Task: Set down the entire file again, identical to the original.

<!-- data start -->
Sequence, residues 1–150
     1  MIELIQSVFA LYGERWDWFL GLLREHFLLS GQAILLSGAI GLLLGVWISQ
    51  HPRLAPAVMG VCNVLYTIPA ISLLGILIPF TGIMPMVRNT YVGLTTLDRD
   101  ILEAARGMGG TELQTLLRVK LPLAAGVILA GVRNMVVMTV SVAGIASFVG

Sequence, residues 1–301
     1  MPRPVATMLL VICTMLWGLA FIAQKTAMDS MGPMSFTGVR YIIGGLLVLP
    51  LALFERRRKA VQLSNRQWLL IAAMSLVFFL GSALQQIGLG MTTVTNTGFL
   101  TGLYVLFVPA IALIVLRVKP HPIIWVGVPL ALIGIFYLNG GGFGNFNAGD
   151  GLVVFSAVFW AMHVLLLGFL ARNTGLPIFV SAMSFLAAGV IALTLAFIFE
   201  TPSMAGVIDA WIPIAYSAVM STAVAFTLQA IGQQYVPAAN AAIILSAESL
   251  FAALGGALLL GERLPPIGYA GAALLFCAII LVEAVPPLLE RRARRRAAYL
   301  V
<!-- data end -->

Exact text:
Sequence, residues 1–150
     1  MIELIQSVFA LYGERWDWFL GLLREHFLLS GQAILLSGAI GLLLGVWISQ
    51  HPRLAPAVMG VCNVLYTIPA ISLLGILIPF TGIMPMVRNT YVGLTTLDRD
   101  ILEAARGMGG TELQTLLRVK LPLAAGVILA GVRNMVVMTV SVAGIASFVG

Sequence, residues 1–301
     1  MPRPVATMLL VICTMLWGLA FIAQKTAMDS MGPMSFTGVR YIIGGLLVLP
    51  LALFERRRKA VQLSNRQWLL IAAMSLVFFL GSALQQIGLG MTTVTNTGFL
   101  TGLYVLFVPA IALIVLRVKP HPIIWVGVPL ALIGIFYLNG GGFGNFNAGD
   151  GLVVFSAVFW AMHVLLLGFL ARNTGLPIFV SAMSFLAAGV IALTLAFIFE
   201  TPSMAGVIDA WIPIAYSAVM STAVAFTLQA IGQQYVPAAN AAIILSAESL
   251  FAALGGALLL GERLPPIGYA GAALLFCAII LVEAVPPLLE RRARRRAAYL
   301  V